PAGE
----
Baltazar Sauceda just bought three high-tech cutting machines to outfit a $1.75 million facility that will replace one that can't keep up with demand for his natural stone used in fireplaces and landscaping.
Husker Siding, Windows & Roofing expects to hire three more sales reps whose base will be a new two-story showroom and lab that shows products in action.
Meanwhile, Dave Janke Plumbing is busy devising how to replenish skilled trade workers.
From mason shops to builders, many businesses that adapted during some of the worst years of the construction industry now are reaping benefits of a re-energized housing market. While the industry is not back to pre-recession levels — a bonanza most doubt they'll see again — those who survived say they emerged smarter and prepared for a new year they believe will match or exceed the upturn of 2012.
“Every day, it's been a step up,” said Sauceda, whose Baltazar's Stone operation had record sales last year. “I didn't expect it to be as good.”
Consider these year-end highlights for the Omaha-Council Bluffs metro area:
>> For the first time since 2005, the annual number of building permits issued for new single-family houses went up instead of down. City planning records compiled by the Greater Omaha Chamber of Commerce showed a 5 percent increase over 2011.
>> Growing at a faster pace was the amount of permits for new apartments, up 25 percent over 2011.
>> Jumping 17 percent since 2011 was the sale of existing homes, transactions that often involve property renovations.
Elliot Eisenberg, a Washington, D.C., economist formerly with the National Association of Home Builders, said the national market is rebounding as well, although at a slower pace than in the more conservative Omaha market, which didn't have extreme swings.
“After so many years of being a drag on economic activity, housing is now the fair-haired child,” along with the auto and energy industries, Eisenberg said.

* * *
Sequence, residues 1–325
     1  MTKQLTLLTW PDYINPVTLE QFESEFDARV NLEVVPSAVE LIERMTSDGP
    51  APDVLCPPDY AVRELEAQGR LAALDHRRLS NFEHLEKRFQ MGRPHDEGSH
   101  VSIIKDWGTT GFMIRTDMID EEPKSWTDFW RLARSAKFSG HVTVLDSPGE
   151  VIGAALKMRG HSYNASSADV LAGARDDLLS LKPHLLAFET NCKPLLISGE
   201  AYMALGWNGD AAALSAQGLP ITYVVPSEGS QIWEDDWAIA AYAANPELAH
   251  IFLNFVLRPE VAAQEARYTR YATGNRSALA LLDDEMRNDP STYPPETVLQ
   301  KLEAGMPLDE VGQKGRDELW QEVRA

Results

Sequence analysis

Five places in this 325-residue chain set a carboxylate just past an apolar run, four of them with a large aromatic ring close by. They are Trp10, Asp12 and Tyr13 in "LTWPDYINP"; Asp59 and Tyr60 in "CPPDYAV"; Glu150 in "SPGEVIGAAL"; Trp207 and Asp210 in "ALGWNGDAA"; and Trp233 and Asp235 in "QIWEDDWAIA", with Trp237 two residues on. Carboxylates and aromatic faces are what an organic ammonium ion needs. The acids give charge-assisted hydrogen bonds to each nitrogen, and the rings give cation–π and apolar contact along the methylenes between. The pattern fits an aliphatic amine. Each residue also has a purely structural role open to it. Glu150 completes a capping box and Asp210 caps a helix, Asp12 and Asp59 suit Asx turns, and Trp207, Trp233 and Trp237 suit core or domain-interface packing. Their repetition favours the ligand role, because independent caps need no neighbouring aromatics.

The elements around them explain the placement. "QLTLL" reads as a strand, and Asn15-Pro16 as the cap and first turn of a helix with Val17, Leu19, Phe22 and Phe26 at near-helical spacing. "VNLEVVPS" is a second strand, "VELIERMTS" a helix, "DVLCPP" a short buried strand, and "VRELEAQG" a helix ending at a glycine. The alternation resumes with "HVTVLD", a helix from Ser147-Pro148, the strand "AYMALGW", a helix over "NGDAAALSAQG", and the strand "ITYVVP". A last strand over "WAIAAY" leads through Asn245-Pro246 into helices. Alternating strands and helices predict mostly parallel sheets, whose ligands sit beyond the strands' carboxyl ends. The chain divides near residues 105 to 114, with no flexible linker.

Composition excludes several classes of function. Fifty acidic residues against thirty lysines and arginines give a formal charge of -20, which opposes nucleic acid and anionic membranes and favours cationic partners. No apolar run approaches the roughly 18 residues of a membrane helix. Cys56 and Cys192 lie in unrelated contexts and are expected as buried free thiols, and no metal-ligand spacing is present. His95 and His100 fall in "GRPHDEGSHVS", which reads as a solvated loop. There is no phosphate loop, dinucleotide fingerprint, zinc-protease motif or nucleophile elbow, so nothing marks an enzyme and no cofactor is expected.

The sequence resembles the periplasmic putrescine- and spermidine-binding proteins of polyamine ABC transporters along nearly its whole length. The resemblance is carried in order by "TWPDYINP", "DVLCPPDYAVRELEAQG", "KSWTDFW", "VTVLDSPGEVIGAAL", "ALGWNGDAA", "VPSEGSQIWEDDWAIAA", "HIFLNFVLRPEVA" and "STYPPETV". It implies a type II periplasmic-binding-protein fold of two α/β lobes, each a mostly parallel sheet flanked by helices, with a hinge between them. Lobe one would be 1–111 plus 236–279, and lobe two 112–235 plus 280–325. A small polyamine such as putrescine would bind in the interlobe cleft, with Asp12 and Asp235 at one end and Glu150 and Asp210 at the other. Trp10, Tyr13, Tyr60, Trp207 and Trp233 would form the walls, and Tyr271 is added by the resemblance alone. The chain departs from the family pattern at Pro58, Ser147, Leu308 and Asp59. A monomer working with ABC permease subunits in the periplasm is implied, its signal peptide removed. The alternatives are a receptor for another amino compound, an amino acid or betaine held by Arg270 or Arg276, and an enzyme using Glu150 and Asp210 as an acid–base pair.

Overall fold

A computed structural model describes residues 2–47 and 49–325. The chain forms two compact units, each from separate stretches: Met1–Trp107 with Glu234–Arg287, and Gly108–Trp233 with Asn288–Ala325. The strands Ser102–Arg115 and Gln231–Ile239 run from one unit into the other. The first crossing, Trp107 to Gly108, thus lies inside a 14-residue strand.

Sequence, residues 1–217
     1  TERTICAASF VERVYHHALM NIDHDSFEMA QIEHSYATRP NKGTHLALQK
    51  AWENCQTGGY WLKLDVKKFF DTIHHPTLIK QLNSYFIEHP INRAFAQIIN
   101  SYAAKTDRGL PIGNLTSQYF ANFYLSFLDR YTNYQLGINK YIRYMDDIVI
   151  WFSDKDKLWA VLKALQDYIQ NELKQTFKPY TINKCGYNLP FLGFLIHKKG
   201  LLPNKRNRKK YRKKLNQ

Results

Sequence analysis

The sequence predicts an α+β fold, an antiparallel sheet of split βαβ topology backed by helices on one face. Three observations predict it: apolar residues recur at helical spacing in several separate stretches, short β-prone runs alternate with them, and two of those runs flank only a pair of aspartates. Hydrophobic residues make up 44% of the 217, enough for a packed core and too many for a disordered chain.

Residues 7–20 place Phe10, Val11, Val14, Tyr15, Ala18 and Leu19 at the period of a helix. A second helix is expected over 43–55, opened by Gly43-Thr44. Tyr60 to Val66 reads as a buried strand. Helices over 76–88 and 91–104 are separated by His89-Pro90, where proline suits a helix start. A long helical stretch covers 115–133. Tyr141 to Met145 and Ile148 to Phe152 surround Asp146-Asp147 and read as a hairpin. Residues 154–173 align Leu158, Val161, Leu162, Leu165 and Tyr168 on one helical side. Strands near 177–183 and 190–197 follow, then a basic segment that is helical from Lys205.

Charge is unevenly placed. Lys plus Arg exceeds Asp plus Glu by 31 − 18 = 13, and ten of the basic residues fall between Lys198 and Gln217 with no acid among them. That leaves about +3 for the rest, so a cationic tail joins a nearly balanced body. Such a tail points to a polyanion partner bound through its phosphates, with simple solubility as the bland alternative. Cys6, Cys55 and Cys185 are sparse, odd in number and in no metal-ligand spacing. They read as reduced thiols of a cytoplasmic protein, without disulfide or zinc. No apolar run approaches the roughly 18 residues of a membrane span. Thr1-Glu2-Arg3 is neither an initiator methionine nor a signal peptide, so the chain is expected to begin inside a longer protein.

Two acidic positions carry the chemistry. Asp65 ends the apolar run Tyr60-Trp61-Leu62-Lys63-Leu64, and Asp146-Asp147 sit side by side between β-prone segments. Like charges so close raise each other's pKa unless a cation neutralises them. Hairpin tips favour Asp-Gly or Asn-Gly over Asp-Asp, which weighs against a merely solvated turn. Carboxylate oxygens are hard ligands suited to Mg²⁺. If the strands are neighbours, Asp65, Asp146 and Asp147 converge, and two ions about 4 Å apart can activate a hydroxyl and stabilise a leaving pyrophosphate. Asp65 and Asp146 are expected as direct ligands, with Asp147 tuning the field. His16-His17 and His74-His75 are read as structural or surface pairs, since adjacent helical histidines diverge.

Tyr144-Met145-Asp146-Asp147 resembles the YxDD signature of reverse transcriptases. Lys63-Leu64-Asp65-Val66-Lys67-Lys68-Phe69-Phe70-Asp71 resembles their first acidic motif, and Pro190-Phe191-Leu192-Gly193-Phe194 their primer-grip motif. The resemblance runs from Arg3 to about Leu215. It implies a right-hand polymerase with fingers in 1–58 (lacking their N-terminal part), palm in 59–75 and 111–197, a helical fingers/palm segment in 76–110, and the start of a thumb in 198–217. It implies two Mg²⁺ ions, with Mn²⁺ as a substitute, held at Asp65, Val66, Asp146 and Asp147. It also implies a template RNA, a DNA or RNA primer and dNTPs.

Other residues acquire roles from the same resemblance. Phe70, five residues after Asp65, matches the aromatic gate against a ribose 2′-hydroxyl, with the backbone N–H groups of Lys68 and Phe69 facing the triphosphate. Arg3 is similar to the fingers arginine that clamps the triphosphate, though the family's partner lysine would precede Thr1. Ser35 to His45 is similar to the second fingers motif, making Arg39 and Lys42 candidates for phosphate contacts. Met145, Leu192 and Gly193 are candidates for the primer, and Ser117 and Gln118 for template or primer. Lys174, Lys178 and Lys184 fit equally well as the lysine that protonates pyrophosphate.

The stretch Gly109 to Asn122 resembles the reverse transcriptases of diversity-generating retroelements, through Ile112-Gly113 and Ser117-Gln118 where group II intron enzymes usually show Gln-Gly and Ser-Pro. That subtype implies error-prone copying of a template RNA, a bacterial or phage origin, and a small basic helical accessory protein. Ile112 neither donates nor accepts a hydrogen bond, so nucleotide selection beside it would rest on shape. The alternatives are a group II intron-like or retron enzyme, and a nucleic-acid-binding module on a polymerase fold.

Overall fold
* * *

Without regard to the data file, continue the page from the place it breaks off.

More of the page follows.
The good news for the broader community, he and others said, are the ripple effects. According to the National Association of Home Builders, for every 100 homes built, an estimated 324 short-term jobs and some $23 million flow into a local community.
“From the moment the ground is dug up to the final landscaping, so many people touch a house,” Eisenberg said. “Moreover, these people who touch a house spend money. They're buying gasoline, getting their hair cut, going to a local restaurants. Add these up and you've got a tremendous amount of jobs.”
Jason Henderson, an Omaha economist with the Federal Reserve Bank, said the positive signs he's seeing will mean job growth and wage gains and a stronger metro economy in 2013.
Among signs he noted: People are selling houses quicker (average time on the market in 2012 was 65 days, down from 72 the previous year). Realtors are seeing bidding wars again. Contractors are going back to work. New homeowners are buying furnishings.
“Those are all positive signs,” Henderson said.
Record low interest rates and housing prices are helping to drive the recovery, said Judd Cochran, regional manager of U.S. Bank Home Mortgage in western Iowa and Nebraska.
In volume, Cochran said 2012 was the best year his region had since he took over in 1998 — and that was without a federal stimulus package that boosted business in preceding years.
His Omaha region saw a 15 percent increase in loans for newly constructed or existing home sales, Cochran said, and a similar hike in home refinancing business from 2011.
Reflecting, in part, the housing uptick, U.S. Bank in Omaha also saw an 18 percent increase in small business lending in the first three quarters of 2012 compared with the same 2011 period.